For decades, abortion opponents have set up thousands of crisis pregnancy centers (CPCs) across the country to dissuade women from terminating their pregnancies. Although some CPCs make their anti-abortion stance clear, others rely on deception as part of their operational model. Many CPCs advertise as abortion clinics and then lie to unwitting consumers about whether they are pregnant and how quickly they should seek medical assistance. As a result, some women who mistakenly visit CPCs are delayed in obtaining abortion services for so long that they forfeit the right to abortion altogether. Cities and states attempting to rein in this deception over the last decade have enacted laws requiring CPCs to disclose the true nature of their services. But in 2018, the Supreme Court declared such CPC disclosure laws unconstitutional, leaving advocates in search of an alternate solution.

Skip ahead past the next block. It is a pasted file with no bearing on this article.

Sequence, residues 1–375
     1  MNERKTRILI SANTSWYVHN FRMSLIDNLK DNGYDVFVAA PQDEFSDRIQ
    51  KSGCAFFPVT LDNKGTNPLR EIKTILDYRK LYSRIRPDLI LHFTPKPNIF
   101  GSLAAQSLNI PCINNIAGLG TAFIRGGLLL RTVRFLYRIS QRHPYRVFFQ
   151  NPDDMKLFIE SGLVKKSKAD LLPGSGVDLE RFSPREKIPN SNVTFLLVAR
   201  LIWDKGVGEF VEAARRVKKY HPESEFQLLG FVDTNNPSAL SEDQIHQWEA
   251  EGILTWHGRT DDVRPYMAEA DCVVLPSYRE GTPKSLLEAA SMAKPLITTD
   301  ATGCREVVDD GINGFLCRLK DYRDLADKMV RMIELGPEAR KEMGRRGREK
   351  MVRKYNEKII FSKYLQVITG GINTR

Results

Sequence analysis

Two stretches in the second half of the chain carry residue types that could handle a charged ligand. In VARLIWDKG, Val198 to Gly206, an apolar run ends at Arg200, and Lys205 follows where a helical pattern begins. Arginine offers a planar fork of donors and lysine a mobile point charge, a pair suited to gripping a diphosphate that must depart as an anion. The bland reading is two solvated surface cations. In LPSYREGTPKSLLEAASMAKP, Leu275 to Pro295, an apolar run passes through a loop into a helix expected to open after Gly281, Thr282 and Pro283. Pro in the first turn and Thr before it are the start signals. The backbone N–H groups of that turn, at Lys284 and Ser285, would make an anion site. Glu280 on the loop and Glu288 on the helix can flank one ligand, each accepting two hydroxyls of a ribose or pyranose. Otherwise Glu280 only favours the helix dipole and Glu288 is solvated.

This Article sketches a roadmap for state governments wishing to respond to CPC fraud in the wake of this new constitutional constraint. It retraces a largely forgotten strategy of using Unfair, Abusive, and Deceptive Practices Acts (UDAP laws) to investigate and enjoin CPCs’ harmful practices and explores the opportunities and challenges presented by adapting UDAP laws to the modern CPC problem. Seizing on the rising importance of state attorneys general as national policymakers, this Article lays out a pragmatic path forward for curbing CPC deception that interferes with women’s reproductive decisionmaking autonomy.